While the state by state Newspoll for the June quarter (published on Tuesday) showed an improvement in the Coalition’s and Abbott’s polling (with falls in Shorten’s), it would require a bigger improvement before considering any move to an early election. In particular, the Coalition is still way behind in Victoria.
Some journalists are saying that Abbott is still too “aggressive” and that this is holding back the improvement that might otherwise have come from Shorten’s continued poor performance. Some also argue that the emphasis given to the threat of terrorism is largely because it favours Abbott politically. However, those journalists may be reflecting their usual personal political inclinations and not taking sufficient account of either achievements by Abbott or further gaffes by Shorten, such as his ignorance of an important development on strengthening border controls (see Beefing Up Border Defence) even though he had received briefing on it.
The personal political inclinations of ABC journalists have certainly been well exposed by the responses to the Q&A program by Scott, Jones and (now) the director of TV programs Finlayson as well as those Andrew Bolt describes as “presenters” (see below “Remorse not in the ABC lexicon”). Equally, those commissioned by the ABC Board to conduct an inquiry, the former boss of SBS (worse than the ABC) and a former employee of the ABC itself, confirms Bolt’s conclusion that an axe is needed. There is no sign however of acceding to Abbott’s conclusion that heads should be rolled and the leads in the ABC radio news today are focussing on legalising gay marriage and Abbott’s personal opposition to that. It is not clear if the government will institute a public inquiry itself.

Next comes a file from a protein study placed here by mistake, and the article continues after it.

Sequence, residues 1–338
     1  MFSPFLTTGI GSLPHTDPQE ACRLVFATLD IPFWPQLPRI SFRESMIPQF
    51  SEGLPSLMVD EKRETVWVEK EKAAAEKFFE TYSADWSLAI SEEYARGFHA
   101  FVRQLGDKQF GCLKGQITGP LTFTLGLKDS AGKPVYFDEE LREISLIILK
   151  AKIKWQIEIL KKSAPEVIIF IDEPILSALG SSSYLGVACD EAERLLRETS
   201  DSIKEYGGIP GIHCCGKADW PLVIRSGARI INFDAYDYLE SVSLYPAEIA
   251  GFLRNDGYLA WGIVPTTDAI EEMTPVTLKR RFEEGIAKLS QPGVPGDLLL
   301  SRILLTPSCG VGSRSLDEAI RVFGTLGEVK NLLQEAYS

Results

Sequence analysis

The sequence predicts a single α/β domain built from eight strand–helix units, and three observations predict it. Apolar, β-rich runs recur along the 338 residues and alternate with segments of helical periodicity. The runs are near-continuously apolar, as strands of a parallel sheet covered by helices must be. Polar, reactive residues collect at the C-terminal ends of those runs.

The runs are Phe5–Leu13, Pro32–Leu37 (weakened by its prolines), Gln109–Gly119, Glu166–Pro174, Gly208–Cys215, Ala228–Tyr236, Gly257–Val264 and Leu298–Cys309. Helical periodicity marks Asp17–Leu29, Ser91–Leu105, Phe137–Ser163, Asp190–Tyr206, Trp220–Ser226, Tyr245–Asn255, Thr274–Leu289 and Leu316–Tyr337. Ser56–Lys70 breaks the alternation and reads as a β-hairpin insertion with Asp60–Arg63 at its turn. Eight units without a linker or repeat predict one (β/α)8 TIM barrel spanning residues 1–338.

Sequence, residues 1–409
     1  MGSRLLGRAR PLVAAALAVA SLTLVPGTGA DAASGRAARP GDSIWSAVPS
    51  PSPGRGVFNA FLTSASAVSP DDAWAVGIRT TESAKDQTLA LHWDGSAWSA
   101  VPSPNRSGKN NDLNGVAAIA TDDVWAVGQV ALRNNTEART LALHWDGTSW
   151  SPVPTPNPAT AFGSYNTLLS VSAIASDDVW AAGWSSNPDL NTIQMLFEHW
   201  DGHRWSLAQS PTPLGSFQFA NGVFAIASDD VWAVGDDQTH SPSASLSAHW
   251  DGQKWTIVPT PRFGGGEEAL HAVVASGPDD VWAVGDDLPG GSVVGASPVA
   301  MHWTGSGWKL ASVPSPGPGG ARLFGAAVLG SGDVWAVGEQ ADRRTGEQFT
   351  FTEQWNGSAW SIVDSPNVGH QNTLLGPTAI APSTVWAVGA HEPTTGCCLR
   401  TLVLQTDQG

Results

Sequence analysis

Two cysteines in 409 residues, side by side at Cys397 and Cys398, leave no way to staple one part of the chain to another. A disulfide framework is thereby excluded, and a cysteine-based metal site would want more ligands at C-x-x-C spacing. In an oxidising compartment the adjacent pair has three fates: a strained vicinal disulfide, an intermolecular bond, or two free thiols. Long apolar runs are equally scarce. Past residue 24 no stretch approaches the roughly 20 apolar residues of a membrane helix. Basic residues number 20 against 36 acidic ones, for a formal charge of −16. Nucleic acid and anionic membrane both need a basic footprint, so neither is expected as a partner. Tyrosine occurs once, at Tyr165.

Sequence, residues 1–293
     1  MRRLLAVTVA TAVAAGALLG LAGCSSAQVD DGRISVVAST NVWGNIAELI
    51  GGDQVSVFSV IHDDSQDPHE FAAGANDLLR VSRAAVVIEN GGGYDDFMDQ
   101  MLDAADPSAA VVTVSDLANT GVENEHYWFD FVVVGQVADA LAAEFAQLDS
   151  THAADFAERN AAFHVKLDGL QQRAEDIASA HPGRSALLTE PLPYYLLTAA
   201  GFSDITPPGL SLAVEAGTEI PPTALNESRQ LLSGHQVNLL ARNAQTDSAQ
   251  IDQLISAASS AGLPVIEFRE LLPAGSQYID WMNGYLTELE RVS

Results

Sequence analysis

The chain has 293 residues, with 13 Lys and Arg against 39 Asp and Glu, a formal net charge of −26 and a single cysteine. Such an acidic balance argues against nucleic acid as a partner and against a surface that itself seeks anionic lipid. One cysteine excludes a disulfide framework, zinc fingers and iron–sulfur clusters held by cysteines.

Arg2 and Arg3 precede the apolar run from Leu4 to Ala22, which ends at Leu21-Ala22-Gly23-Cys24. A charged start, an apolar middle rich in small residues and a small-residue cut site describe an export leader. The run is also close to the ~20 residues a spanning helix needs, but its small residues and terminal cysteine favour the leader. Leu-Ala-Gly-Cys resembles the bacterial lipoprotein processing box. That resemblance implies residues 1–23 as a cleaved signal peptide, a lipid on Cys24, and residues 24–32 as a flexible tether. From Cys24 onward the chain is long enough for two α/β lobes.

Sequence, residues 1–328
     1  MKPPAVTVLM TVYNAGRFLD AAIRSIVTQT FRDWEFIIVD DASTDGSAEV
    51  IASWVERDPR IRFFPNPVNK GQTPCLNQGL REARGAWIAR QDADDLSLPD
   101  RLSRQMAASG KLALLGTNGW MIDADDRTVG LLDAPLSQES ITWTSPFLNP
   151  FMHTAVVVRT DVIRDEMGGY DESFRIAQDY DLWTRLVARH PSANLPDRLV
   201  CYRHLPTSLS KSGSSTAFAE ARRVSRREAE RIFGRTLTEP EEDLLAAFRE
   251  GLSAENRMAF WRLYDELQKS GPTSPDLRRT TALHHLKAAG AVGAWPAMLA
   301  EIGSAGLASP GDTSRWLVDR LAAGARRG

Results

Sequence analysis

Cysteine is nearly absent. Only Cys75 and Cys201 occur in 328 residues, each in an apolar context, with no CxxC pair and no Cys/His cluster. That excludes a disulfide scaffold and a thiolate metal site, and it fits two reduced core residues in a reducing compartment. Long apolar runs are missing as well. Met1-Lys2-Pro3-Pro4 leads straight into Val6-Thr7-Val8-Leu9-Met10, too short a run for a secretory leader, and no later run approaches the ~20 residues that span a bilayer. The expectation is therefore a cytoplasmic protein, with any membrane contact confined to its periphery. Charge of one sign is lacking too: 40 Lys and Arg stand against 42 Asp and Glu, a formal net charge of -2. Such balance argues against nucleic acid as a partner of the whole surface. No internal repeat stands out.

As to achievements by Abbott, Sheridan points to his development of an apparently much closer relationship with Singapore, largely down-played in other media. More important in a way is the speech Abbott made there on the need for more action to counter Islamic terrorism and the particular need for what Sheridan describes as much greater “American leadership” (see below “Singapore wooing is Tony Abbott’s triumph”).
I responded to the establishment of an Australian Round Table on climate change which includes business and union organisations. My letter as published in the Financial Review omitted some important points but the ART publication itself contains no supporting back-up. I have restored below the “missing” points in my letter. Bill Kininmonth also had a critical letter published in The Australian.
The “good news” is that the UN’s World Heritage Committee decided not to put the Great Barrier Reef on the “in-danger” list. This is a set-back for the supporting conservation bodies.
But bad news comes from an article by Gary Johns reporting that a primary school in Perth was attempting to have 10 year olds send a letter to Foreign Minister Bishop asking her to support action to stop global warming. A green activist persuaded the school to do this!
Publicity has also been given to “pledges” by China and Brazil to reduce emissions at a faster rate than their previous pledges. Whether these would involve anything more than improved efficiency in the production of energy, is not clear.